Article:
Thursday, February 22, 2007

Local Authority Performance "Improving"...


...except here
The Audit Commission has just published its updated Comprehensive Performance Assessment (CPA) for English local authorities. According to them, things are looking pretty good, with 79% of councils turning in a 3 or 4 star performance overall, a 9% increase on last year.

Now, there's no doubt that some councils are doing an excellent job in difficult circumstances. For example, long-time star Westminster has single mindedly focused on value for money, and has saved taxpayers millions through renegotiating supplier contracts and reorganising workflows.

Which is especially impressive because in general, value for money (vfm) is a serious problem. Even on this report's rosy assessment, Westminster is one of only seven councils turning in a 4 star performance.

That's disgraceful, because as we blogged on the last CPA report, a council's value for money score is actually self-assessed. And for most authorities, the Commission's Self-Assessment Pro-Forma made it even easier for councils to big themselves up this time round, requiring only an update on changes from 2005.

So the assessments are hardly worth the paper they're written on, and only one council in the entire country is now assessed as not meeting minimum standards- the forever benighted Stoke on Trent*. To fail a self-assessment test really is the pits, and my strong advice to residents is flee to the hills.

Obviously local authority financial accounts should be audited to make sure nobody's got their fingers in the till. Nobody disputes that.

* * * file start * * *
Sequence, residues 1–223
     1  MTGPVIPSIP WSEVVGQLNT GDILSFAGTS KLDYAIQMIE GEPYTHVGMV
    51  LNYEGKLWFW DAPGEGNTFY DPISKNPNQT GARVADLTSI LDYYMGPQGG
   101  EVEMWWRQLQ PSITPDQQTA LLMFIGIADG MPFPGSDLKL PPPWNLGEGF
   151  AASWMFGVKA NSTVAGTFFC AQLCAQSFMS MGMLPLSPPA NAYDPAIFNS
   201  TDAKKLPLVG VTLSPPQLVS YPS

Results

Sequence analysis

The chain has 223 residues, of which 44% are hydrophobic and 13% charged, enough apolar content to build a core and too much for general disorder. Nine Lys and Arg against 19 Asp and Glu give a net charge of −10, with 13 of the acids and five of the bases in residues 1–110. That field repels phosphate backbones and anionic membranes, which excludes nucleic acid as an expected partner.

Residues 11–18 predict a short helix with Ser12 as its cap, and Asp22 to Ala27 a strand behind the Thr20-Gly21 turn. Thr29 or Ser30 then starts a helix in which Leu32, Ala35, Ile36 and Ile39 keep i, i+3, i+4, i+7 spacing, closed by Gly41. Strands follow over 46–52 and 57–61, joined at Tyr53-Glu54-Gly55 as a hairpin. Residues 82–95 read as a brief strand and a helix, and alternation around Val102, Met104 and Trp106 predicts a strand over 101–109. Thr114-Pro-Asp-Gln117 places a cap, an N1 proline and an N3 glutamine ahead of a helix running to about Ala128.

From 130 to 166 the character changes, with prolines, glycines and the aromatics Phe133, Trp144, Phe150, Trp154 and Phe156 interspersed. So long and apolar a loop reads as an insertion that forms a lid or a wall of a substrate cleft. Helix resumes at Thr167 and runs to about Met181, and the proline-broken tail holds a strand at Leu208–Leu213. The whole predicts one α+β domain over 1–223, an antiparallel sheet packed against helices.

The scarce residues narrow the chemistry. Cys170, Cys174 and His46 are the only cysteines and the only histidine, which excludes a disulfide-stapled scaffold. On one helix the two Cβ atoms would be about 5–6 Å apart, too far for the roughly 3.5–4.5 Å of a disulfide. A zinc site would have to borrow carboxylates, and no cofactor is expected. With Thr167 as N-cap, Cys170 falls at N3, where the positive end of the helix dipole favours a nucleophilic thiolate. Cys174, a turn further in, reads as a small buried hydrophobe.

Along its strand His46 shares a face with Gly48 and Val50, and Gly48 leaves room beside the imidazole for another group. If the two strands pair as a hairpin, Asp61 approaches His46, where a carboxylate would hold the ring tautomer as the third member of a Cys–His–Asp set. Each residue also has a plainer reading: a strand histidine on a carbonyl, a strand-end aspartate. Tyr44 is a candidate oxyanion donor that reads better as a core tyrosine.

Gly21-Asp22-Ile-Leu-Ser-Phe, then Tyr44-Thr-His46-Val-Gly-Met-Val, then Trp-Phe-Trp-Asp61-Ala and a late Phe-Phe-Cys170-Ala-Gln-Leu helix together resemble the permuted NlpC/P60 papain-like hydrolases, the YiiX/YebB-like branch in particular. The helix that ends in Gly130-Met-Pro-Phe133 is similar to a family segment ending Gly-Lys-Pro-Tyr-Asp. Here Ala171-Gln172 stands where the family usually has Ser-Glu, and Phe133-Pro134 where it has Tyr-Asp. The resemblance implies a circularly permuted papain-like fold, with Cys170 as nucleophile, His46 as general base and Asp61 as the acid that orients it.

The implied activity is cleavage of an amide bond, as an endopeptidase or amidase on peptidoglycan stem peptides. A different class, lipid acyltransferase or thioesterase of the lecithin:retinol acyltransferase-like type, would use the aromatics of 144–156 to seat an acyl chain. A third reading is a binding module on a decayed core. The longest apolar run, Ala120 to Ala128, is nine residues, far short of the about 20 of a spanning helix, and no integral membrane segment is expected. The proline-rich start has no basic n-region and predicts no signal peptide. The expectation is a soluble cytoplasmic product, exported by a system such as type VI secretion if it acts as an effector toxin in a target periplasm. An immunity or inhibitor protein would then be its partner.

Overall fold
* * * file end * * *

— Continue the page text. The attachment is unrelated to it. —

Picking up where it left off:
But the Audit Commission now costs us £200m pa, and fundamentally, it's another bureaucratic instrument of central government control over local authorities. Except of course, with these quality ratings- just like with the corresponding star system for rating hospitals- players are clearly learning to game the system. And a government that has been in power for a decade is only too ready to connive in rtaings that apparently show year-on-year improvement.

Does anyone really believe 80% of local authorities are now performing "well" or "strongly"? Talk sense will you?


*Footnote- Tyler knows someone who grew up in Stoke. The story is that despite being a major industrial centre, it escaped bombing by the Lufwaffe during the War because when the pilots looked down, it was such a wreck they thought they must have already bombed it. A shame.

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